Vision screenings at school and at the pediatrician’s office are important, but they are not a substitute for a comprehensive eye examination performed by a trained eye specialist. Children and infants should be evaluated closely to ensure proper visual development during those critical years. According to the American Optometric Association (AOA), all children should have their eyes examined at 6 months of age, at 3 years of age, and again at the start of school.
Our office is kid-friendly and we are happy to see your little ones—from elementary-school kids to teens! Schedule a pediatric eye exam with our team today.
For some children, the way they see is, to them, just the way it is! Young people with vision problems are often unaware that not everyone sees the way that they do and that it is possible to have much more comfortable and clearer vision. Children, especially under five, cannot articulate to Mom and Dad that everything they see is blurry. They think Mom and Dad see the trees as big green blobs as well! Children with uncorrected vision disorders can face many obstacles both academically, athletically, and socially. Our goal is to give your children the tools to reach their highest potential.
As eye care providers, we are not so concerned about the children that are flagged on a school or pediatrician's vision screening—we know those children will be seen and diagnosed properly. It's the children who pass that we worry about. Often these screenings give parents a false sense of security about their child's vision. School vision screenings usually center around one or two areas of vision, namely acuity or a 20/20 measurement, but do not look at how well the eyes focus or how they work together to provide a clear, single image. Often, color vision and depth perception are not tested, and both of these are important to the learning process. Even if a vision screening does not identify a vision disorder, a child could still have one.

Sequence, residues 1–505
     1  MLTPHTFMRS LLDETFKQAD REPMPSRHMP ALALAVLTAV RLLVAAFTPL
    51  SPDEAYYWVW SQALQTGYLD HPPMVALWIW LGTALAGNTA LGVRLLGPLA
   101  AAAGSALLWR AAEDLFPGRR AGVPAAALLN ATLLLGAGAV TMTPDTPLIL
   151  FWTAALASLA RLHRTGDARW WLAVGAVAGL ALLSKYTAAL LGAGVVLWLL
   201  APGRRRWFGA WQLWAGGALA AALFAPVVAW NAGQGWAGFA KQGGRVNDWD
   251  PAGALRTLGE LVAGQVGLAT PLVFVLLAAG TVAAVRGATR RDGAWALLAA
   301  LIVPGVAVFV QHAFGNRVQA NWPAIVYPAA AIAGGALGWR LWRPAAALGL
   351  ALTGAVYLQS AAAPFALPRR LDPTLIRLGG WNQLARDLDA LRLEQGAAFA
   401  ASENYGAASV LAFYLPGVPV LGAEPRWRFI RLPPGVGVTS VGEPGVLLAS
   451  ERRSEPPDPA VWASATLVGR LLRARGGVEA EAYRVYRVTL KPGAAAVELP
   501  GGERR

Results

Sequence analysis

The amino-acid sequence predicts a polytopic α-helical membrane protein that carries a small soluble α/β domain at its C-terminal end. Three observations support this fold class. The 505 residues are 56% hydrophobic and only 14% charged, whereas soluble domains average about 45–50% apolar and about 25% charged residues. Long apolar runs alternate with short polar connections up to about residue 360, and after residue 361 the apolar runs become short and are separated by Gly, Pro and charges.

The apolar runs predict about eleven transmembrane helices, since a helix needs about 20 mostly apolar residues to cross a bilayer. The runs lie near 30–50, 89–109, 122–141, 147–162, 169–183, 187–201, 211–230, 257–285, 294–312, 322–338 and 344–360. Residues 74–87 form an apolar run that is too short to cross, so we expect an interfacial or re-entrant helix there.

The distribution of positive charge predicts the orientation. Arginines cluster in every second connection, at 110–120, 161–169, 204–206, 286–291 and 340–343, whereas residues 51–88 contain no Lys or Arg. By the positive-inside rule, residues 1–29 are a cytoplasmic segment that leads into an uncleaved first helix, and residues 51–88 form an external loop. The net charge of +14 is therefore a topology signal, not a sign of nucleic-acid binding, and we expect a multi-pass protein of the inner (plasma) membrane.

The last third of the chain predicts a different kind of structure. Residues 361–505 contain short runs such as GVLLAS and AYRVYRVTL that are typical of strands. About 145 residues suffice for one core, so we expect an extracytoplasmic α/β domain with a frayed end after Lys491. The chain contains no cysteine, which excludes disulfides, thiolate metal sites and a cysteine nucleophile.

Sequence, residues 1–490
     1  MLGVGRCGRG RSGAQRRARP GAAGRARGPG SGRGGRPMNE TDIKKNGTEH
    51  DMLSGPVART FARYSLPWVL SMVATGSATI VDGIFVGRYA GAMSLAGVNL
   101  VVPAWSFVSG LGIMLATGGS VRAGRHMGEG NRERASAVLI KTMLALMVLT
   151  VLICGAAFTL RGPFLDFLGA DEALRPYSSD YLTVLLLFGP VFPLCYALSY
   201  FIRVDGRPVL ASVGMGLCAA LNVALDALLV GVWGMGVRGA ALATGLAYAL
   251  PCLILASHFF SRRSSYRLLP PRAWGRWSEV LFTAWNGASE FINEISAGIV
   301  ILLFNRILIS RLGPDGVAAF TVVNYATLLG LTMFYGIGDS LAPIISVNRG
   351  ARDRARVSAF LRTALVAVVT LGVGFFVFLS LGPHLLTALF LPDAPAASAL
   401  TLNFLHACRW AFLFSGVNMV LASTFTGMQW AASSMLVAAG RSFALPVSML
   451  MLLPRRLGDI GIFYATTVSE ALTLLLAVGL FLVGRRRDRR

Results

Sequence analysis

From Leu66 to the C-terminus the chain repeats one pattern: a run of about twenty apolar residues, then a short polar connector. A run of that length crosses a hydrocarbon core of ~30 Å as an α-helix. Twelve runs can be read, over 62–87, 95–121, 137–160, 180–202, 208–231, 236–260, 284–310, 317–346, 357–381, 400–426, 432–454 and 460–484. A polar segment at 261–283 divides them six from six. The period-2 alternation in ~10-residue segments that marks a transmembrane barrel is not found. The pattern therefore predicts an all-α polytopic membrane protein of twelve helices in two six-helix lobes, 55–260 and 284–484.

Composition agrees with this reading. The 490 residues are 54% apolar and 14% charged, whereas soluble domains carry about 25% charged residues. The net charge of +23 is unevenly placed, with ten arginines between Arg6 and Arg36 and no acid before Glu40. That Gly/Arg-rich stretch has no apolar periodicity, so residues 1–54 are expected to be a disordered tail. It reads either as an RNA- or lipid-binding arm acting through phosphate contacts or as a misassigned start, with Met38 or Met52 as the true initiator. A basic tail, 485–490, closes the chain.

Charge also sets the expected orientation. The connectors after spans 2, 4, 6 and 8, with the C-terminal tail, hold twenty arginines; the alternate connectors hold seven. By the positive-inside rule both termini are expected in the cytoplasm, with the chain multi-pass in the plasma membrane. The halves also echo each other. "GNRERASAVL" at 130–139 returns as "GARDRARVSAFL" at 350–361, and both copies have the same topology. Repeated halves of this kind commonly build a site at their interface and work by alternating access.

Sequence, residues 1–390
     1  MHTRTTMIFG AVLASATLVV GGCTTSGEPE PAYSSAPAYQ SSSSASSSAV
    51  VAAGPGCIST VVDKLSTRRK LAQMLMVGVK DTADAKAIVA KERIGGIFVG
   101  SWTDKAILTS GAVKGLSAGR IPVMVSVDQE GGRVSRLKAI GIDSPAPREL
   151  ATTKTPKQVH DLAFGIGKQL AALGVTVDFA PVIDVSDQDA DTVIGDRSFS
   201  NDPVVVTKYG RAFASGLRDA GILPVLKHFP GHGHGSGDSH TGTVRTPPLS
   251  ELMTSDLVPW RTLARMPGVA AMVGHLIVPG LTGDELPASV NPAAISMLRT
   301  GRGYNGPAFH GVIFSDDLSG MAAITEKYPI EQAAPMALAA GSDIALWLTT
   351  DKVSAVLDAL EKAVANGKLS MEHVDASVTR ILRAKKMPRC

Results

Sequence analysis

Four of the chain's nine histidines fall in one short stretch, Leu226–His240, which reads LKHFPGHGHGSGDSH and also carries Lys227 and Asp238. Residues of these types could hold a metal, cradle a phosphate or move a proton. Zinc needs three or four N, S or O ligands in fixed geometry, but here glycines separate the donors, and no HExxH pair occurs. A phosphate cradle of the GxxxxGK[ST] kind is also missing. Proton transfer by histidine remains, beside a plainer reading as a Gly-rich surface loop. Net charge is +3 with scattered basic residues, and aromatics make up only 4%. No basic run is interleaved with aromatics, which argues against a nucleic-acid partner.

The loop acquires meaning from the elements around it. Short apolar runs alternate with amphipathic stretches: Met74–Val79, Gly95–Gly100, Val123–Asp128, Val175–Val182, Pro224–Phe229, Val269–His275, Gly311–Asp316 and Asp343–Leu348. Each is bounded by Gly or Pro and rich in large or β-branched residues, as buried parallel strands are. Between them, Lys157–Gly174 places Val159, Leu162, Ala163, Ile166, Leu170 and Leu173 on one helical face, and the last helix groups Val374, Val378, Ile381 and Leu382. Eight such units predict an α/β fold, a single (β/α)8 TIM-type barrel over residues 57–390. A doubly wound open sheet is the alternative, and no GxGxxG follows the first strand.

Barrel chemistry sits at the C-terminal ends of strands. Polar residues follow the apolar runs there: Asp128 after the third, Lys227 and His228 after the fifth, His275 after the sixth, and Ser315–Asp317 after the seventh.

According to the AOA, parents should look for children who exhibit one or more of these behaviors:
Doctors will ensure your young child can fixate on an object and follow that object in his/her visual field. We look at the way their pupils respond to light; an abnormal response could indicate a neurological problem. We also dilate the pupil to rule out rare, but serious medical conditions such as retinoblastoma, pediatric glaucoma, and congenital cataracts, just to name a few. It is perfectly safe to dilate your young child's eyes and they will experience the same mild side effects that you might, including blurred vision at close range and light sensitivity. The doctor will use a technique called retinoscopy to determine if glasses are needed and provide an accurate prescription if this is the case. By looking at the pattern of reflection from the back of the eye, the doctor can determine the refractive error (i.e. the amount of nearsightedness, farsightedness, or astigmatism). It's quick, painless, and requires minimal cooperation from the child.
Our doctor and staff are skilled at making a trip to the eye doctor a great experience for your little one—from start to finish.
We know that bringing your child to the eye doctor can be a stressful experience for both of you. That’s why our team aims to make your visit as easy as possible while accurately diagnosing any vision problems your child may have.
If your child has never had an eye exam or it’s time for their next one, please schedule an appointment with Tradewinds Eye Care & Optical. We look forward to seeing you!